GSA Connects 2021 in Portland, Oregon

Paper No. 87-6
Presentation Time: 9:00 AM-1:00 PM


VAN WIEREN, Connor1, HUSSON, Jon M.1 and DYER, Blake C.2, (1)University of Victoria, School of Earth and Ocean Sciences, 3800 Finnerty Road Bob Wright Center A405, Victoria, BC V8P 5C2, Canada, (2)University of Victoria, School of Earth and Ocean Sciences, Victoria, BC V8P 5C2, Canada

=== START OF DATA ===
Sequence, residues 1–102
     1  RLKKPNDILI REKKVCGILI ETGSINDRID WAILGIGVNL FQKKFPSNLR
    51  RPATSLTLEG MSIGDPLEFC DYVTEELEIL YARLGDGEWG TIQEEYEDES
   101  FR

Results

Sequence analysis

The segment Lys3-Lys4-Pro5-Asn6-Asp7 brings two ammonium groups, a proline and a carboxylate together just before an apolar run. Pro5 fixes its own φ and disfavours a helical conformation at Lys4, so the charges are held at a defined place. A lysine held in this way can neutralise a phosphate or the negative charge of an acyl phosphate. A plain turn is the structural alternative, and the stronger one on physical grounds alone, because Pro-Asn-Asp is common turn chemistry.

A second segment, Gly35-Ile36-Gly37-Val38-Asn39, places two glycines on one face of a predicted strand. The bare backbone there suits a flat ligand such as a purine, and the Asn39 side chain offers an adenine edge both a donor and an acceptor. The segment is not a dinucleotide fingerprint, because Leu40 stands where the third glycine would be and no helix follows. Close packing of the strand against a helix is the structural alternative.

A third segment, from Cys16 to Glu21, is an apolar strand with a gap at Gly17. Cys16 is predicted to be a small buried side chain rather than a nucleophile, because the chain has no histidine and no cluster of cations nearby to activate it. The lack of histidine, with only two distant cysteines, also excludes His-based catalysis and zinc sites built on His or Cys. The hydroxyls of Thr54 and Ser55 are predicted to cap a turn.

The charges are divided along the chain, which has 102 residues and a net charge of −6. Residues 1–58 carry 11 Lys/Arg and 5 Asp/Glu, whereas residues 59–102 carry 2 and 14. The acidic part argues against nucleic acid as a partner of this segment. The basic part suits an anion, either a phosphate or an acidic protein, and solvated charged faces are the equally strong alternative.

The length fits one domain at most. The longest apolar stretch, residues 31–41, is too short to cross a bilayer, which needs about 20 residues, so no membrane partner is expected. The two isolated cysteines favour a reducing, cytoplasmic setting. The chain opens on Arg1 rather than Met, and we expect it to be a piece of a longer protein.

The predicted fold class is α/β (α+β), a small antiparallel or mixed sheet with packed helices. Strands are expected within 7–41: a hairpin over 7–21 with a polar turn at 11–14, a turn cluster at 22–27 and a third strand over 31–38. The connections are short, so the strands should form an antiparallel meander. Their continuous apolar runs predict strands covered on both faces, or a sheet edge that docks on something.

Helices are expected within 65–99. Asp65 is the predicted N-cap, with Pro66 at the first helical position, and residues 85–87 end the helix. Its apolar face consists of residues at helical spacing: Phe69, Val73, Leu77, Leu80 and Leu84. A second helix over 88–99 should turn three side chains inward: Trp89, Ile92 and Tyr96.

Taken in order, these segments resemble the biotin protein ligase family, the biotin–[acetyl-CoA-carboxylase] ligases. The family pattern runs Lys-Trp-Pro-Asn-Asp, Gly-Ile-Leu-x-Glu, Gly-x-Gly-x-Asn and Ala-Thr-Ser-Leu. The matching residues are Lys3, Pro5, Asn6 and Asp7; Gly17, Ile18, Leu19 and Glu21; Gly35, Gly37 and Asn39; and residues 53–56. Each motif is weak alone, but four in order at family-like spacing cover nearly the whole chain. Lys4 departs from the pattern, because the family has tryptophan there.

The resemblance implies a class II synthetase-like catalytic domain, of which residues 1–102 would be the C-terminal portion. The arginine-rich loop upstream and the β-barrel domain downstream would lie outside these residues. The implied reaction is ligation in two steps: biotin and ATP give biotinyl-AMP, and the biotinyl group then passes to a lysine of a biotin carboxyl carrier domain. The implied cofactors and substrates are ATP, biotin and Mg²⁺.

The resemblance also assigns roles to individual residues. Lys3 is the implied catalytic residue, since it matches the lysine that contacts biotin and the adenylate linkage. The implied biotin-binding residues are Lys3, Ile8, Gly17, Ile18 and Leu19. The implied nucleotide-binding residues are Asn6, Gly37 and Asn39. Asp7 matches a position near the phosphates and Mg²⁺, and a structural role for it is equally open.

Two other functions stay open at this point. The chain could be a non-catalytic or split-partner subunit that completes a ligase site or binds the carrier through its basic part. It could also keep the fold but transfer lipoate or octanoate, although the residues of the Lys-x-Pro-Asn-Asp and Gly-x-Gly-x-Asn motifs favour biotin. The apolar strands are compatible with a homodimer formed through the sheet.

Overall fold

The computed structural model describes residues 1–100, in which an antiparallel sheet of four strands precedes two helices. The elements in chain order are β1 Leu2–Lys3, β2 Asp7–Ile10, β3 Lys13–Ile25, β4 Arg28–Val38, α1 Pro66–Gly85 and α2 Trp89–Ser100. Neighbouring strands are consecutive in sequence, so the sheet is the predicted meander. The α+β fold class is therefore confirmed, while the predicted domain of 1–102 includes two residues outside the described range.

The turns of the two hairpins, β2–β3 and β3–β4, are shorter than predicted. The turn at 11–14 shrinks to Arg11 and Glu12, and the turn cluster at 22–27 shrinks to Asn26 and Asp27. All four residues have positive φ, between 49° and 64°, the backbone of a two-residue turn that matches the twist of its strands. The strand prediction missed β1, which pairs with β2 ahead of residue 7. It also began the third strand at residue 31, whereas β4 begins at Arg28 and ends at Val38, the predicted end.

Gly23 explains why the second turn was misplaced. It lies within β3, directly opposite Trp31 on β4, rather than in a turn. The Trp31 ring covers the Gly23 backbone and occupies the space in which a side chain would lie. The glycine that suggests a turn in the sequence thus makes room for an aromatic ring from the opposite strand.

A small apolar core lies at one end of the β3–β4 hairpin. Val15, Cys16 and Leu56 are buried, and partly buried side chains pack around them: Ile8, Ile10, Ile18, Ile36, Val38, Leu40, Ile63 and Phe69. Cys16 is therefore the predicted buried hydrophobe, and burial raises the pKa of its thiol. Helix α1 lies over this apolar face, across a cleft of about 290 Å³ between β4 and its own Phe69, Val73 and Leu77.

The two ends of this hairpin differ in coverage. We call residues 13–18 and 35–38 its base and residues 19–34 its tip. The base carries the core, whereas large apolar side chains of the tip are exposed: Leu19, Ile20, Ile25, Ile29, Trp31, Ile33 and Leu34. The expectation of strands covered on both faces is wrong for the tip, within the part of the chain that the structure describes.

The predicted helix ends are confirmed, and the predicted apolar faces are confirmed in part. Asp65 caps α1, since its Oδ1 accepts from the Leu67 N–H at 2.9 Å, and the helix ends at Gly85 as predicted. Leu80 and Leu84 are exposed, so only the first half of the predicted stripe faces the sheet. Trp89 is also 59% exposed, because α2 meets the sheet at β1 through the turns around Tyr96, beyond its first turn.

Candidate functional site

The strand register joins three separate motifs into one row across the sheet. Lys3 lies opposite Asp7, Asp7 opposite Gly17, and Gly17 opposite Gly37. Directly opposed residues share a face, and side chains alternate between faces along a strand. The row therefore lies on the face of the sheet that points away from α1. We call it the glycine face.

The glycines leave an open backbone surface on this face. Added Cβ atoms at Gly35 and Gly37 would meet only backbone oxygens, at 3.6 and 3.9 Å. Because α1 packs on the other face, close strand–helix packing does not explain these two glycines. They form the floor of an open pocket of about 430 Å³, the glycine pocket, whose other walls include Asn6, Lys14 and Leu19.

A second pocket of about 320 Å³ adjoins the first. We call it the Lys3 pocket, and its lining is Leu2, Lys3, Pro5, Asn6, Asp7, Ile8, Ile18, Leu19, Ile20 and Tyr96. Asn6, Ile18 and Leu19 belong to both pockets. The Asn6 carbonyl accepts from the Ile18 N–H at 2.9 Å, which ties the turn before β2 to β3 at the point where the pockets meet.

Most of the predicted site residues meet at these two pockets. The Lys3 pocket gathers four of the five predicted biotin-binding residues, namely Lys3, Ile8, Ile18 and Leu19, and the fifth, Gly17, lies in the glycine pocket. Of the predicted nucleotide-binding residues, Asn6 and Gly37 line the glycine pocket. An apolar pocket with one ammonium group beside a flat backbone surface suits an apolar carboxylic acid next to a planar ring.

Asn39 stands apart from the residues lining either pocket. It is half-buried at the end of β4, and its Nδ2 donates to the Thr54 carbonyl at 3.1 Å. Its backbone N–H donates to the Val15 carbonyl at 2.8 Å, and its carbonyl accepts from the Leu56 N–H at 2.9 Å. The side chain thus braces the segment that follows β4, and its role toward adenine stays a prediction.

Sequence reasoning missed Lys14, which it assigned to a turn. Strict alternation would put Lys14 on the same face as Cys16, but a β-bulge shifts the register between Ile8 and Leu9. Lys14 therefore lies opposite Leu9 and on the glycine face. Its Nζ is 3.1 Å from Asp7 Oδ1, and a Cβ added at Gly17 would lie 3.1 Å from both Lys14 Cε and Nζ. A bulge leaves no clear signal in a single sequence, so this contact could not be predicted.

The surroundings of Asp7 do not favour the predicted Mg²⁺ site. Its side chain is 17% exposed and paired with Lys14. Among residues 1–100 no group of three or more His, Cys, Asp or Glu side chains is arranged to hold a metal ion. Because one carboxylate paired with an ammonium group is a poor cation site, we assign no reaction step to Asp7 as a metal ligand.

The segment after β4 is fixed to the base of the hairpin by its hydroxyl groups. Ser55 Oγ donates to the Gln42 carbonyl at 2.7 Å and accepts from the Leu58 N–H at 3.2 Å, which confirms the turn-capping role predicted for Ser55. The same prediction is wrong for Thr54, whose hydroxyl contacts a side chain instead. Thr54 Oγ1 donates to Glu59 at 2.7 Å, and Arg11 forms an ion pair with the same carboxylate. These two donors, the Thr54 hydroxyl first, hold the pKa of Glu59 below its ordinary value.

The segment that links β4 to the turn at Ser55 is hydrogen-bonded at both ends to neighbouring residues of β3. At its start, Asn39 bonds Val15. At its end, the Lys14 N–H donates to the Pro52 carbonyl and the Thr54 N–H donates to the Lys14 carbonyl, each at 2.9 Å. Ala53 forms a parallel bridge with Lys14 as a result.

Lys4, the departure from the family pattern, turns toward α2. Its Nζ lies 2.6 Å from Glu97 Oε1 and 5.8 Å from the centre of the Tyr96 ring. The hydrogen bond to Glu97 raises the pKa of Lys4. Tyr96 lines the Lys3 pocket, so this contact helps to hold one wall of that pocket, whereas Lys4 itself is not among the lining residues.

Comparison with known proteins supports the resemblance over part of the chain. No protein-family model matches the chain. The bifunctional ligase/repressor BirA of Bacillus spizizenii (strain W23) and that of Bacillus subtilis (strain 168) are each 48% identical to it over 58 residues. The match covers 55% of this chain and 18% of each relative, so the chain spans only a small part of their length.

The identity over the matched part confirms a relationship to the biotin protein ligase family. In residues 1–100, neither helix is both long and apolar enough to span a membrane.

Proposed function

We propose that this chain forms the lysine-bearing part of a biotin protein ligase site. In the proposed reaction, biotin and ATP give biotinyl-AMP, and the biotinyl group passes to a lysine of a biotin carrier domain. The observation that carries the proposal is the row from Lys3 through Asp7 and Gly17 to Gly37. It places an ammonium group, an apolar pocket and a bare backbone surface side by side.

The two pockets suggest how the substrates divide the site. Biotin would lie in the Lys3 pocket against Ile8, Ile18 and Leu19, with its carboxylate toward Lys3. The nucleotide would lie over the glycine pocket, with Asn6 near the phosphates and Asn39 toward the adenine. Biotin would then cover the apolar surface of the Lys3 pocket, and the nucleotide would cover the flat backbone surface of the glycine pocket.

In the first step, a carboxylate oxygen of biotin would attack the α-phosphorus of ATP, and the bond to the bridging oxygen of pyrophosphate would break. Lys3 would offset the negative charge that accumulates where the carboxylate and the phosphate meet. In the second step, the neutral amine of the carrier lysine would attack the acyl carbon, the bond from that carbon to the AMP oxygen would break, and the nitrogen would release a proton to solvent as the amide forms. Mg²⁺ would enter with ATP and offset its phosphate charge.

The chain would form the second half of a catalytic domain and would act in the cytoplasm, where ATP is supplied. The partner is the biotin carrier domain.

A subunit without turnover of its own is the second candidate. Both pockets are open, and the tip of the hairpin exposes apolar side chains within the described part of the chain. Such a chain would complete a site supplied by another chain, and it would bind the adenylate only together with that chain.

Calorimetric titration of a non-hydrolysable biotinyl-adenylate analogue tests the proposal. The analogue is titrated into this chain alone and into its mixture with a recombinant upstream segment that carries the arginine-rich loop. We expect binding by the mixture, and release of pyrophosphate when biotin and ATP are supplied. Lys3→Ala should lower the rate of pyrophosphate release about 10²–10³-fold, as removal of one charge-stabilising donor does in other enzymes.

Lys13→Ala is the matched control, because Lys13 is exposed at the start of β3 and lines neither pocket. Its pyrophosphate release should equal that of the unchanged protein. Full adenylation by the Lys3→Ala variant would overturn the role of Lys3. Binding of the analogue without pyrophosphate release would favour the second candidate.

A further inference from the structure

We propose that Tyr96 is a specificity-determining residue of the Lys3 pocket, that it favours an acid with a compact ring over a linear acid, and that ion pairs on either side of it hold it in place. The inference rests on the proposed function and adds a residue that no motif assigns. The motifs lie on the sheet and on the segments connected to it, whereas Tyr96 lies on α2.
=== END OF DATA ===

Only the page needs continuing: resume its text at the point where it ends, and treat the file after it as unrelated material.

Values of δ13C measured from marine carbonates from the Ediacaran Period display tremendous variability. Many of these variations are considered excursions and often are interpreted as reflective of changes in either oceanic dissolved inorganic carbon (DIC) values, or local, post-depositional changes- collectively known as “diagenesis”. Ediacaran carbonates of the Old Fort Point Formation in the Canadian Rockies outcropping in Jasper and Lake Louise, Alberta, display values ranging from -6‰ to -12‰. This isotopic range is observed to be stratigraphically coherent with low point-to-point variability. To explore lateral variability in δ13C values, we measured and sampled several stratigraphic sections in the Canadian Rockies, separated by approximately 250 km. To test the hypothesis of a diagenetic origin, prevalent carbonate-clast breccias found in numerous stratigraphic sections were sampled to conduct ‘isotope conglomerate tests’ (ICTs) to determine the relative timing of acquisition of the δ13C values measured. Geochemical results indicate that this excursion (down to values of -12‰) is present across the Canadian Rockies. Further, clasts within interbedded breccias that may have formed by eroding through this strata, contain the full range of δ13C variability found in entire sections. Together these observations suggest a primary origin of isotopic values. To consider primary, non-diagenetic processes occurring in an ancient shallow water system that could have led to these low values, we developed a one dimensional linear advective-diffusion carbonate sedimentation and isotopic tracer model. Model runs suggest that lateral variability in primary δ13C values of carbonate sediment in shallow basin settings can lead to stratigraphically coeval isotopic excursions that nevertheless do not require secular evolution in δ13C values of oceanic DIC. This study will advance the understanding of how carbon isotopic variability is controlled and expressed within the convoluted and highly variable geochemical record of the Ediacaran.